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The Rise of the Older, Single Female Home Buyer

The Rise of the Older, Single Female Home Buyer

Unmarried women over 55 is one of the largest, and fastest-growing, demographics of home buyers. With longer lifespans and careers, many look for homes with ‘no bad memories’

Ms. Hoffman said her new home is giving her a chance to ‘start from scratch.’ Photo by THE WALL STREET JOURNAL

By Katy McLaughlin

Leah Hoffman was looking for a house to start the next phase of her life. She doesn’t need a lot of space, and being single, she only needs to please herself. She says she found exactly what she was looking for in a $1.7 million home in Paradise Valley, Ariz., which she moved into in January.

The life phase Ms. Hoffman is starting? She is 60 and divorced, with grown children. She sold a wealth-management firm she founded in 2007 and is now ready for something new. “I’m totally starting from scratch,” she says. “I like change.”

Since 1981, single women over 55 have been the fastest-growing demographic of home buyers when compared with a multitude of other categories, according to an analysis of U.S. Census Bureau data by Ralph McLaughlin, founder and chief economist at Veritas Urbis Economics in Alameda, Calif. Married couples are by far the largest group of home buyers, and single women the next largest group. But last year, single, older women made up 8.2% of all home buyers, roughly double the percentage of 20 years ago, Mr. McLaughlin says. These women also buy homes at nearly twice the rate as their male counterparts.

Three Single Women, Three New Homes

There have long been many more older single women than men, reflecting the fact that men remarry at a higher rate after a divorce, as well as the fact that men generally die at younger ages. But the dramatic increase in home purchasing by older women speaks to something else. Many women in this place in life want to own a home of their own, says Jessica Lautz, director of demographics and behavioral insight for the National Association of Realtors. Ms. Lautz also notes that longer average lifespans—and people working until later in life—are giving older buyers the confidence to take on a 15- or 30-year mortgage.

Ms. Hoffman, echoing the sentiments of others, views her purchase as more than a financial transaction. “There are no bad memories in this house, and I’m going to try hard not to create any,” she says.

In the late 1990s, Ms. Hoffman and her then-husband built a family home in Paradise Valley. Raising two sons, the couple designed a 6,000-square-foot house with a wing of bedrooms and a play area for the boys. Because she spent about 60-hours-a-week running her own company, a location near school, a grocery store and a dry cleaner was paramount. After divorcing in 2005, Ms. Hoffman moved into a 5,000-square-foot Paradise Valley house so her children could remain in the same school district. That house is now on the market for $1.475 million.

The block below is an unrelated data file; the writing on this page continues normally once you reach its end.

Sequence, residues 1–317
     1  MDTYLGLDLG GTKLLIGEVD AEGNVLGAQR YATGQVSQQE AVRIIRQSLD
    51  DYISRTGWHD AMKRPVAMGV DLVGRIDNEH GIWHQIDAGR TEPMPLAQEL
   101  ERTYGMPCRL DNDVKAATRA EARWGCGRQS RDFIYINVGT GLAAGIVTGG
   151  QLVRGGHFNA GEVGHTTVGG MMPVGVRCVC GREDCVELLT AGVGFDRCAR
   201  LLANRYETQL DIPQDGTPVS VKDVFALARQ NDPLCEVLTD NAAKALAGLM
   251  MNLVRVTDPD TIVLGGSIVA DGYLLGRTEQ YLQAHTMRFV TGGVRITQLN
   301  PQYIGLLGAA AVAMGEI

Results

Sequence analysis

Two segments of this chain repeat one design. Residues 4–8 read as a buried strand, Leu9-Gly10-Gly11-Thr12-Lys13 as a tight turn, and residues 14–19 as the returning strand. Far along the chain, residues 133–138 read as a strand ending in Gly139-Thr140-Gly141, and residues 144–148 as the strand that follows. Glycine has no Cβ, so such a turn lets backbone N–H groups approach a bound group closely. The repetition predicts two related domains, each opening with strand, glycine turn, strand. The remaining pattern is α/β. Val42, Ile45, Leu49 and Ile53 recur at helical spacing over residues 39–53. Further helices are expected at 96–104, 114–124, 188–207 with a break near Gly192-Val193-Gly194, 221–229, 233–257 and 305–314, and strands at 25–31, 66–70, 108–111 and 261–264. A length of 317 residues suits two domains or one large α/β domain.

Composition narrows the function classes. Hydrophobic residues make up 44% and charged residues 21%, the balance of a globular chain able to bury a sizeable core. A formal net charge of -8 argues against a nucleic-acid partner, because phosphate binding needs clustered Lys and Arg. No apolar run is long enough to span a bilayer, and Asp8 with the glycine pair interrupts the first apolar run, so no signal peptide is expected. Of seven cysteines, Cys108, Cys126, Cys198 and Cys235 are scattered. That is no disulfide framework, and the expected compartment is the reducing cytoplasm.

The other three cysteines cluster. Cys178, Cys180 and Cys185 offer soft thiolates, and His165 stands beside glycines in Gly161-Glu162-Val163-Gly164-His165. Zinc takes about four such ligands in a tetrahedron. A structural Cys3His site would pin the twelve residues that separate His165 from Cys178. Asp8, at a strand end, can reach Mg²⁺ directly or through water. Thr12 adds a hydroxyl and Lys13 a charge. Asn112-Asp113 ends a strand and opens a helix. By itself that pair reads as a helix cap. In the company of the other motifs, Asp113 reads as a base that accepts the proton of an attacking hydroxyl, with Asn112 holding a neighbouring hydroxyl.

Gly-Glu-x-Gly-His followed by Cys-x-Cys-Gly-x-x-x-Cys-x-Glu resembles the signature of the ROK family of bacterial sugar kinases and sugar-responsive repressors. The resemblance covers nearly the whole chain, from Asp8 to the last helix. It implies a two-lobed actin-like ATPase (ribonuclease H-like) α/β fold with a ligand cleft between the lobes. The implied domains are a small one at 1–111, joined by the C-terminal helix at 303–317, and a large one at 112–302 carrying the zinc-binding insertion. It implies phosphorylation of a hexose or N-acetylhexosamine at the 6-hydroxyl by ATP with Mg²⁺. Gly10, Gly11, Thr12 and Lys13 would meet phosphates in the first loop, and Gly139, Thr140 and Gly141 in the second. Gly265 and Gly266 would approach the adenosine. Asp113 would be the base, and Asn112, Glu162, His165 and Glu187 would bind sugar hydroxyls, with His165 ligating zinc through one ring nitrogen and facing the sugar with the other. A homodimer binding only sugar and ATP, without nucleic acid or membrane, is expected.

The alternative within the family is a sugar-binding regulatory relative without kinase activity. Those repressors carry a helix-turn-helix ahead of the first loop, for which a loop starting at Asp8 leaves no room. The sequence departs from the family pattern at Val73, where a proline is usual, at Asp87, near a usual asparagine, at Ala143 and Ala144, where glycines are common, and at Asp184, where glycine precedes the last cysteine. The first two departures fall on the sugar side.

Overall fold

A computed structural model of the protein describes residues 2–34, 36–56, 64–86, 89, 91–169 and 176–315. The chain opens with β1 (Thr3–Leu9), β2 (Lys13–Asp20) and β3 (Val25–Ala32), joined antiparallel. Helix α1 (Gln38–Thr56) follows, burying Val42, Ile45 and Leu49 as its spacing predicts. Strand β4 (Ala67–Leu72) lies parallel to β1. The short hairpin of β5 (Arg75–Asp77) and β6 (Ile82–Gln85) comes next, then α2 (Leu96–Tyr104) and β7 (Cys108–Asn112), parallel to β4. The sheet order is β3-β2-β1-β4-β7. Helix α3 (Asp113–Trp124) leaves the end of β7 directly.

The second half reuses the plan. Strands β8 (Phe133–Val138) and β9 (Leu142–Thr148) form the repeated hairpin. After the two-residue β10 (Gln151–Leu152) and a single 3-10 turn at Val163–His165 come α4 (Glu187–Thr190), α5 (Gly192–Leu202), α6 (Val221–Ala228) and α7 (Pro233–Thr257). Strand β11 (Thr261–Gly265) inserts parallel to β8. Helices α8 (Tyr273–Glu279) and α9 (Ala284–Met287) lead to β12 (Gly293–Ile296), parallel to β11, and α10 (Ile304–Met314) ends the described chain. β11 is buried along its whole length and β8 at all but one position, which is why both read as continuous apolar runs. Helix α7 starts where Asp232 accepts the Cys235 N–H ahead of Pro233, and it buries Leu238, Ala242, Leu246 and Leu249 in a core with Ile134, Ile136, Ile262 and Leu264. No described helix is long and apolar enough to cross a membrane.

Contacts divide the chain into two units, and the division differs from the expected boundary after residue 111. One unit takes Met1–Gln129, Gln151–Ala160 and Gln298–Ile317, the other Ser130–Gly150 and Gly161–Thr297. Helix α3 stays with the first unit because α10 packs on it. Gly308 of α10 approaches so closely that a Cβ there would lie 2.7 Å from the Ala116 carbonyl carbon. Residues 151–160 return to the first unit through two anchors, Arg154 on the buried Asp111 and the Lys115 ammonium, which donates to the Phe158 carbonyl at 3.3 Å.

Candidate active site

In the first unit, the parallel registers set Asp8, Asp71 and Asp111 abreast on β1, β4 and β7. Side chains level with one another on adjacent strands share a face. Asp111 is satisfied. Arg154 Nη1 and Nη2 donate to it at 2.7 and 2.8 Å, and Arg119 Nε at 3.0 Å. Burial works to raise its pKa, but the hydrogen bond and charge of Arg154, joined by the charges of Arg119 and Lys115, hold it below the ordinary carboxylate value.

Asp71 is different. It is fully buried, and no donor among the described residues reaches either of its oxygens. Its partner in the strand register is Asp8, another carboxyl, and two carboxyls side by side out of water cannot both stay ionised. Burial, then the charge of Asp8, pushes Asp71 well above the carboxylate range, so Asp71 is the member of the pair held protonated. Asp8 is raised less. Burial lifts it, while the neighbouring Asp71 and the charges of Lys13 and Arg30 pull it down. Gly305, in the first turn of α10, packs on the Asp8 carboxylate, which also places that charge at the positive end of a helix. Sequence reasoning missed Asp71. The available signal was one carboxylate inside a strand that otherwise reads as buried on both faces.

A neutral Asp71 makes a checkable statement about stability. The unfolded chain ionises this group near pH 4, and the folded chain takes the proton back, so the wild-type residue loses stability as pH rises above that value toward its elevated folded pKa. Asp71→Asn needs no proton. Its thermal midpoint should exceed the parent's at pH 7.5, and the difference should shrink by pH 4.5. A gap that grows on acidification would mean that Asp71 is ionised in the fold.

She then decided to downsize to a house that was easier to take care of. Finding her new place wasn’t easy, says her agent Joan Levinson of an eponymous brokerage in the area, as most Paradise Valley homes are larger. Eventually, Ms. Hoffman found a 3,200-square-foot, two bedroom with a separate, one-bedroom casita. Near restaurants and shopping, it has a landscaped garden and views of Camelback and Mummy mountains. Ms. Hoffman says she left behind all her old furniture and commissioned custom pieces, aiming to “start from scratch.”

Mary Jo Valentine Blythe and her then-husband raised three children in a 7,000-square-foot home in the upscale Chicago suburb of Hinsdale, Ill. They divorced in 2005, and seven years later Ms. Blythe bought an 8,000-square-foot home in Vail, Colo. that she and her now-grown sons, avid skiers, consider their “family home,” she says. She waited until her youngest son graduated from high school to put the Hinsdale home on the market, she says, selling it in 2016. That same year she also sold the corporate event company she built over 25 years.

Next, Ms. Blythe moved to an $8,000-a-month, two-bedroom rental in Trump International Hotel & Tower in downtown Chicago. The rental introduced her to a “completely different life,” she says, putting her close to restaurants, upscale shopping and bike rides alongside Lake Michigan. Her only qualm was the monthly outlay for a home she didn’t own, she says.

So in June, Ms. Blythe, now 56, put down a deposit on a $3.2 million, four-bedroom condominium in Renelle on the River, an 18-story building currently under construction near the Trump Tower. Her new apartment keeps her in the heart of the city, “where I can walk everywhere,” she says.

A year ago, Ms. Blythe met a man with whom she is in a relationship, she says. As it happens, he lives back in Hinsdale, the suburb she left, where he is raising two teenagers. Ms. Blythe says she has no plans to return to the suburbs. “I’m done with that chapter,” she says. “I want to be part of something that’s more energized.”